Join us on Tuesday, October 20, 2009 as we meet the WBAL-TV news team and tour the station. Station staff expected to participate:
- Michelle Butt, news director
- Jessica Rahn, assignment manager
- Jordan Wertlieb, president and general manager
WHERE: WBAL-TV, 3800 Hooper Ave., Baltimore, MD
WHEN: Tuesday, October 20, 2009 – Registration and light breakfast begins at 8:30 a.m.; program and Q&A runs from 9:00 to 10:30 a.m.
FEES: Only $15 for BPRC members; $25 for non-members; $10 for students. Members may bring one guest free.
TO REGISTER: Call the BPRC registration line at (410) 532-7221 or e-mail your reservation to firstname.lastname@example.org. Please include your name, company name and daytime phone number. Reservations of non-members will only be accepted when a phone number is given.
Checks made payable to “BPRC” should be mailed in advance to BPRC, 2331 Emory Road, Reisterstown, Maryland 21136. Reservation confirmation will be given for e-mail reservations only. Payments not made in advance must be made at the door. Cash, checks, and credit cards accepted.
NOTE: If you cancel after the reservation deadline, you will be responsible for the cost of the reservation. No-shows will be billed.
WBAL-TV staffers provided insight and feedback into their newsroom and general station management for more than one hour at the October program hosted by the Baltimore Public Relations Council. Jordan Wertlieb, president and general manager, along with Michelle Butt, news director; Jessica Rahn, assignment editor; and, Wanda Draper, director of programming and public affairs, spoke to more than 30 event attendees about the station’s programming, advertising trends, social media use, and newsroom workings.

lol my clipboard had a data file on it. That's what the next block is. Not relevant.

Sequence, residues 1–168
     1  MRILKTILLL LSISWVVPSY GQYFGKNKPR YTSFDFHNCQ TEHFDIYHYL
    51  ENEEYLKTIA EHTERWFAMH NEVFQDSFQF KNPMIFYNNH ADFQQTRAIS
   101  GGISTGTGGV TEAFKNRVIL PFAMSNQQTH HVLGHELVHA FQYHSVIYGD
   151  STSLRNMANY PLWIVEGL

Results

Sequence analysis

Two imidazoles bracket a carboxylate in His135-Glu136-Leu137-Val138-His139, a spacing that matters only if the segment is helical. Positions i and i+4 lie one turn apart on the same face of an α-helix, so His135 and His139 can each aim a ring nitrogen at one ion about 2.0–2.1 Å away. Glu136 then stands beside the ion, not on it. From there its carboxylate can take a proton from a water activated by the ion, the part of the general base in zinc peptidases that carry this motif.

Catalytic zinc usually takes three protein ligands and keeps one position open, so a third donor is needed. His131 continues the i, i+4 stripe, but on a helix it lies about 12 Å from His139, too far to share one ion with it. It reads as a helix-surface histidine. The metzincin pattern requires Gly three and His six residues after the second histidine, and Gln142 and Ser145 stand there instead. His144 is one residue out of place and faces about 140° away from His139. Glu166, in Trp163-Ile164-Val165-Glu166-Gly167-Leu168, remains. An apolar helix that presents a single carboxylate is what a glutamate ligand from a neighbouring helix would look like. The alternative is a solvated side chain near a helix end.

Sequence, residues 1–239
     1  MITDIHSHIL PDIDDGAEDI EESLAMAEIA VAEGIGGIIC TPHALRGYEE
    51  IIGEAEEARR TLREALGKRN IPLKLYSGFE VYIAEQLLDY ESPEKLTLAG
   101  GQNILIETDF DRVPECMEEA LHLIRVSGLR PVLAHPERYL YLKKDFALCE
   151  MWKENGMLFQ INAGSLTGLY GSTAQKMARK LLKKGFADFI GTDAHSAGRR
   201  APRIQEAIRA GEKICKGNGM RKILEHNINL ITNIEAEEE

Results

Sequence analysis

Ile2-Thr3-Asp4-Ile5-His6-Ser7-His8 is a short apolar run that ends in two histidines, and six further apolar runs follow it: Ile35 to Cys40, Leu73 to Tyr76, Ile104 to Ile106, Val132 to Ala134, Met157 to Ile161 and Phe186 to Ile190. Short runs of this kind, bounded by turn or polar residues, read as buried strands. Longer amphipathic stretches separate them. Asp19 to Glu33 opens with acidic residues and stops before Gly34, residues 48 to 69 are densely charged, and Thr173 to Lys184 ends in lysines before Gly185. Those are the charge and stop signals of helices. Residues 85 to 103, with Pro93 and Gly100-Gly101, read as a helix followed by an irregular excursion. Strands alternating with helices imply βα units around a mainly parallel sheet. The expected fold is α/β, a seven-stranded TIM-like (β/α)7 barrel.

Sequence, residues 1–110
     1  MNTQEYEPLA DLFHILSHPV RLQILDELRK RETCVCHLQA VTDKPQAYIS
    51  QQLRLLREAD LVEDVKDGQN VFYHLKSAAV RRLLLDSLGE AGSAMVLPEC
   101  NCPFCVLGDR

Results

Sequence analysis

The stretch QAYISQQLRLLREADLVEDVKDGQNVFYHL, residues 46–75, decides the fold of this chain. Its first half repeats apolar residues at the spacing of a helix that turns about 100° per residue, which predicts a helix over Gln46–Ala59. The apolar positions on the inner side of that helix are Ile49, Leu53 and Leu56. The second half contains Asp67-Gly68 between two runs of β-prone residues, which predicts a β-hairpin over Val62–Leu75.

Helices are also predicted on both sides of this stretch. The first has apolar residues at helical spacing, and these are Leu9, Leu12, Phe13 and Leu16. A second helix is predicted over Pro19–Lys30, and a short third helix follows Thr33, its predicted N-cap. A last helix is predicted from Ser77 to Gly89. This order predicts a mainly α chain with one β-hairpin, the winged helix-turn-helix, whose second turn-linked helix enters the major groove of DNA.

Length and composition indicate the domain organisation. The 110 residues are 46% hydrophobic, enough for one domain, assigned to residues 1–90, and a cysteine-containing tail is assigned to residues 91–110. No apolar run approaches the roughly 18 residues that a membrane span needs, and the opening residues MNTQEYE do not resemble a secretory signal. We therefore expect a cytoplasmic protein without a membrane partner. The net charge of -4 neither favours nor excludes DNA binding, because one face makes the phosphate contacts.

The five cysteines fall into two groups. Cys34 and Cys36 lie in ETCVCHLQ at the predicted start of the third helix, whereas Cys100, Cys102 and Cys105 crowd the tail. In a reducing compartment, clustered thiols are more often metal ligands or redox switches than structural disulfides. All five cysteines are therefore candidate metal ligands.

“Television viewership is up. The average person watches television four hours and 15 minutes each day, up two minutes from last year,” said Wertlieb. “When television is relevant to the local community, viewership is up. Broadcasts of weather, football and local news keep our viewers watching.”
As Wertlieb spoke to the group, he acknowledged the Internet’s power.
“The [world wide] web is discussed all the time. We can’t hold stories anymore. Stories must get on the web all the time to keep up,” said Wertlieb.
The discussion continued as Butt and Rahn shared their perspectives on news stories, pitches from public relations staff, and the realities of a shrinking workforce.
Butt described an ideal news story as one that has “good stuff, great characters, an interesting story, and a call to action.” “If I find a good story and put it on television, the web, a podcast, people will watch it,” said Butt. “That will never change.”
Rahn agreed, and she shared insight into grabbing her attention at the newsdesk. “Some stories may be great on paper, but not on television,” she said. “Send me interesting visual stories.”